Bokashi Composter

An axonometric breakdown of how to build a Bokashi composter. Illustrated by Ila Colley.

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Bokashi Composter

This blueprint is a step-by-step guide to creating a Bokashi compost.

Illustrated by Ila Colley and produced in partnership with the Scottish School of Herbal Medicine.

 

Bokashi is a type of composting in which you seal food scraps and organic waste in an airtight container, add a “bokashi bran,” and periodically drain off the liquid, until the food scraps are fermented and ready to be composted. The composting method was developed by Dr. Teruo Higa in the early 1980s, and is translated from the Japanese to mean “fading away.”

Bokashi is an anaerobic method which takes advantage of certain strains of bacteria that don’t need oxygen in order to thrive, as opposed to other forms of composting, which are aerobic and require open air to break down materials.

 

Transcript

‘Compost Recipe (Bokashi Style)

For Superfast, Anti-Pathogenic, Compact, and Nutrient-Rich Compost

 

Ingredients:

1x Bokashi Bran

Some Nitrous & Carbon Rich Stuff

Example:

    • Vegetable Scraps (Nitrous)
    • Old Leaves (Carbon Rich)
    • Newspaper (Carbon Rich)
    • Coffee Grounds (Nitrous)

1x Compression Device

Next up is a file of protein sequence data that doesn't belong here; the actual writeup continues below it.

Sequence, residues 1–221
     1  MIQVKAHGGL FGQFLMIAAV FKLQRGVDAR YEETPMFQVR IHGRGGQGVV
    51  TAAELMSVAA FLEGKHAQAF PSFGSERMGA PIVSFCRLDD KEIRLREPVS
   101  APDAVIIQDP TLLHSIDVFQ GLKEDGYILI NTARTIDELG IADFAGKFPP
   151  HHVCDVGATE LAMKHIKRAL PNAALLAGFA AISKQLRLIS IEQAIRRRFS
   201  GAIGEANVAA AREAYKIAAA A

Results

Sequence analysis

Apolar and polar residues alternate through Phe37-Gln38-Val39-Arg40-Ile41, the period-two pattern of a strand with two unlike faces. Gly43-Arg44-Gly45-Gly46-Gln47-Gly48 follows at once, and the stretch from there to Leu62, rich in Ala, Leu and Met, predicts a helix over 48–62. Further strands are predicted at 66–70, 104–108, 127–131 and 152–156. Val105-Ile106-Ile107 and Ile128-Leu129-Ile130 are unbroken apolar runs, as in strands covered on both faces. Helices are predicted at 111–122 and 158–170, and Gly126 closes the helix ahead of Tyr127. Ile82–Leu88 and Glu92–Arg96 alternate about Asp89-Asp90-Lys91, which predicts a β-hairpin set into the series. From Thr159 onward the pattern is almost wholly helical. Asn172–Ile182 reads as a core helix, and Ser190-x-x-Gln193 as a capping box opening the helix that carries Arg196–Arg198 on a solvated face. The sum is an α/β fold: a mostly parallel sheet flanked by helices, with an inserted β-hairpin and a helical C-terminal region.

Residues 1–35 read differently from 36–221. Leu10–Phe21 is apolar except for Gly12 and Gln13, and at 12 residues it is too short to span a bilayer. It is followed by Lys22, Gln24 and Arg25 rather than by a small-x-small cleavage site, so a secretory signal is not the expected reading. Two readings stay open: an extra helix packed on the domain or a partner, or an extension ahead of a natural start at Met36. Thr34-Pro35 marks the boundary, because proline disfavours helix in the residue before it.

Example:

    • Potato Masher or Dinner Plate

2x 25 Litre Bucket (Stacked)

1x Electric Drill for Hole-Making in 1st Bucket Base

1x Tea Towel (Cut into Circle for Solid Waste Filter)

1x (Optional) Spigot for Second Bucket

 

Steps:

Stack compost bucket inside hole-y bucket & keep that lid on tight for funky fermentation.

Layer the bucket with Bran and Nitrous and Carbon Rich Stuff

Start composting!

Bokashi Tea drains through the second bucket

Drain Tea twice a week

Dilute with water and feed to plants

 

Day 0  

Good Omen #1:

  • Squiggly Mycelium on Surface

Good Omen #2:

  • Fluffy, White Mould in Gaps

Day 4, 7, 11, 14 

Dilute with Tap Water to feed Plants

Day 14 

Last Stage: Bury that good stuff for a month under 30cm of soil until it becomes formless and powerful dark matter.

Day 42

Finally: Add your Bokashi Compost to soil and let some roots feast – Bon appetit! ‘

 

 

Produced as part of Ecopoetics, a year-long programme engaging Scottish young people with nature and greenspace. Ecopoetics is created in partnership with the Scottish School of Herbal Medicine and aims to increase access to knowledge about local plants, producers and their health benefits and inspire young people to take charge of their own food conception for the benefit of the environment and health.

The Scottish School of Herbal Medicine (SSHM) was established in 1992. Externally validated by the University of Wales to maintain autonomy, the School’s reputation is further enhanced by our insisting that all our teachers have to be practitioners in their own field to bring direct relevance to experiential practice. We also place an emphasis on energetic Traditional systems such as Ayurveda, Traditional Chinese Medicine and Humoral medicine as well as the Traditional shamanic worldview. Our commitment to the Goethean Contemplative approach to plant and person study along with our unique teaching approach using the pharmacology of taste for direct experiential learning means that our professional training and post graduate herbal programmes are rated as the best in the country and indeed, further a field judging from the number of international students we have worked with over the years.